Jamey See Tai and Chad Blevins haven’t forgotten about you. They were just waiting for the right moment to drop in and say hello. Again.
As The Photographic, the two Louisvillians weave together instrumental ambience via See Tai’s looped guitars with Blevins’ pulsating drum work.
They’ve finally found a home for their debut record, Pictures of a Changing World, in Santa Cruz, Calif.-based label Galaxia. The not-quite-underground label, begun in 1993, was once home to such bands as Brightback Morning Light and The Black Heart Procession (which featured onetime Metroschifter drummer Mario Rubalcaba).
Pictures, slated for a January release, is two years in the making. But calling The Photo’s break a hiatus wouldn’t be accurate. During recording and mixing, Blevins graduated from Indiana University Southeast, and the duo traveled to San Francisco to play a showcase with current Galaxia artists.
Nevertheless, tonight’s show with Ever Records’ Norwegian group Undomskulen at the Pour Haus (1481 S. Shelby St., 637-9611) will be like old home week, or a less awkward reunion. Undomskulen plays a free in-store at ear X-tacy (5134 Bardstown Road, 452-1799) at 5 p.m.
“We could’ve put it out sooner,” See Tai says, but Pictures features several songs the band had already played around town, and they didn’t want fans feeling burned out on their set.
See Tai’s brother Jesse still runs the film projections seen at past local shows, but there aren’t any additional players.
Expect some deviation in the live show tonight: “We go places that we didn’t go on the album. You just have all that extra noise in the room, and we sometimes try to blend different pieces of different songs together.”
In the future, See Tai all but said he’d like to change the band’s modus operandi a bit, possibly by adding vocals. “I’m definitely not solidified with (just) instrumentals. A lot of things have changed in what I do now.”
Doors open at 9 p.m.
Monday, Oct. 29
Brad Wood, who produced Veruca Salt, is running the session, and while this might seem like a mismatch, look at it from Dave Pajo’s perspective.
“I personally was curious to hear what we would sound like with a person who wasn’t totally familiar with metal bands, but would be able to apply some of his production techniques,” he tells LEO.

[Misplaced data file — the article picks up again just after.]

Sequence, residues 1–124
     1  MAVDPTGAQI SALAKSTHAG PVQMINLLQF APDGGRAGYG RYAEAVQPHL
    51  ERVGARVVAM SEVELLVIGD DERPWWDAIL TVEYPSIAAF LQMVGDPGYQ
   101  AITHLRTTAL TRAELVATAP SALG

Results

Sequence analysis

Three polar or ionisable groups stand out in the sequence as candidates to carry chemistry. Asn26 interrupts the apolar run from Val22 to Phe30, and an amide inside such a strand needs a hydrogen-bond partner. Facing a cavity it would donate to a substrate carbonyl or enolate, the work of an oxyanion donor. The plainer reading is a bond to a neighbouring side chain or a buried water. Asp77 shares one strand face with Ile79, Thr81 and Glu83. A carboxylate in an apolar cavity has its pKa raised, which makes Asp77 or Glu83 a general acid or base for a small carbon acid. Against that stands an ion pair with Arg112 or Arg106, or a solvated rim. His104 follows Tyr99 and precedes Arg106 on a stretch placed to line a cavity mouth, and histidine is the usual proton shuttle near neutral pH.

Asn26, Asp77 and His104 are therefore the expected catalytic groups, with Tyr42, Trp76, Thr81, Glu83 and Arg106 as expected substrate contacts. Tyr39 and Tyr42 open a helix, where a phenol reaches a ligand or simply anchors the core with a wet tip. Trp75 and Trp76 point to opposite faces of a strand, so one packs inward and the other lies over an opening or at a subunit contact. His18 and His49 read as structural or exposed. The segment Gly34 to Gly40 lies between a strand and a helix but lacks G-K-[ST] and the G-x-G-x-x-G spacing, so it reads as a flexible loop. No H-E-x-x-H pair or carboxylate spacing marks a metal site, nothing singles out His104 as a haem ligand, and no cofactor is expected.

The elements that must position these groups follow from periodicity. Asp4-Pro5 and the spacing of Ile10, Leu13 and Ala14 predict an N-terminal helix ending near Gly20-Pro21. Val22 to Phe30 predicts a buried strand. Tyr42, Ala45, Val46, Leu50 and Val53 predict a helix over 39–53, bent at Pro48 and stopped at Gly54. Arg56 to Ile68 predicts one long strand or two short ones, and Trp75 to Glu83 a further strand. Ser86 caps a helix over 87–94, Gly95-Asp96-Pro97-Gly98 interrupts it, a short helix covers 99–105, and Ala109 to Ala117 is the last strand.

“I didn’t want to take the full on punk-rock route and just blaze through some songs. It’s sort of an experiment to try to record with Brad.”
You can expect less hard rock and even more metal attitude on this new batch, says guitarist Michael McMahan. “Before, we were just trying to get our bearings, and we’re kind of figuring out more how the band works now. It seems cooler for all of us. We’re more into it.”
And if the audience isn’t, well … “Nobody knows what they’re talking about anyway,” jokes drummer Tony Bailey.
On Monday night, you can celebrate metal and Halloween early when the Child opens for Tokyo noise-metal outfit Melt Banana at Headliners (1386 Lexington Road, 584-8088). Doors open at 9, and the cost is $8. Dead Child plays again at Uncle Pleasant’s (2126 S. Preston St., 634-4147) with Columbus, Ohio’s Dead Sea on Friday, Nov. 2. That show is $6 and starts at 10 p.m.
Thursday, Oct. 25
Ex-but-recently-reunited-with-Flaw singer Chris Volz should admit he’s spoiled rotten.
For his two-week New York recording session, which birthed his first solo effort Redemption, Volz’s label Rock Ridge Music (also home to Ike Reilly Assassination) roped in Johnny Pisano, who backed Marky Ramone, Matt Chiarvarelle (Warren Zevon) and Chris Vitali, the bass player for Orange 9mm.
No wonder it went so fast.
“They were people who I was connected with through the label, that the label offered and I would say yes or no to,” Volz says. “Everything ran smooth. People stayed as long as they needed to. It was comfortable.”
Redemption’s songs have been playing themselves in Volz’s dome since his days in Flaw, the local group that was signed to Universal Records, then unceremoniously dropped in 2004 for low record sales. Volz went onto help found Five.Bolt.Main, which broke up because some members couldn’t tour due to lucrative day jobs.
“Rock Ridge was poised and ready to start with the solo project. It was perfect timing,” he says. “Several of the songs are ideas that I’ve been working on; ideas that I’ve had in my head, that I didn’t think necessarily fit Flaw, but I knew I wanted to release them in some capacity someday.”
For this tour, Volz has been exploring in varying degrees acoustic treatments on his work, a strategy that has opened doors outside of traditional rock radio, but also expanded his audience.
“I wanted to be able to show people that there’s a lot of different sides to me musically, that I can still write a heavy groove song that’s got some strong poignant melodies,” he says, “but I can also write a piano ballad that’s got an orchestra behind it. These shows that we’re doing now, I’ll get the 14-year-old kid but also the 50-year-old married couple.”
He’s more relaxed at Rock Ridge, which didn’t give him a huge monetary advance up front and, to start, only signed him for one album, so he says he starts making money on his CDs quicker. Before the sessions were over, though, Rock Ridge was on-board for album No. 2.
“I would much rather continue a relationship that’s like Rock Ridge. You really don’t get much of a chance on a major label. They funnel a ton of money into the band immediately; you’re going way into debt. That pigeonholes you into selling a lot of records fast, and if you don’t, you’re dropped.”
As for Flaw, Volz said he’ll add his parts when the band finishes preliminary work on a follow-up to 2004’s Endangered Species in Nashville. “I know that Flaw’s still got a couple records in them.”
Volz takes the stage at Headliners Thursday night. The all-ages show is $6. Doors at 7 p.m.
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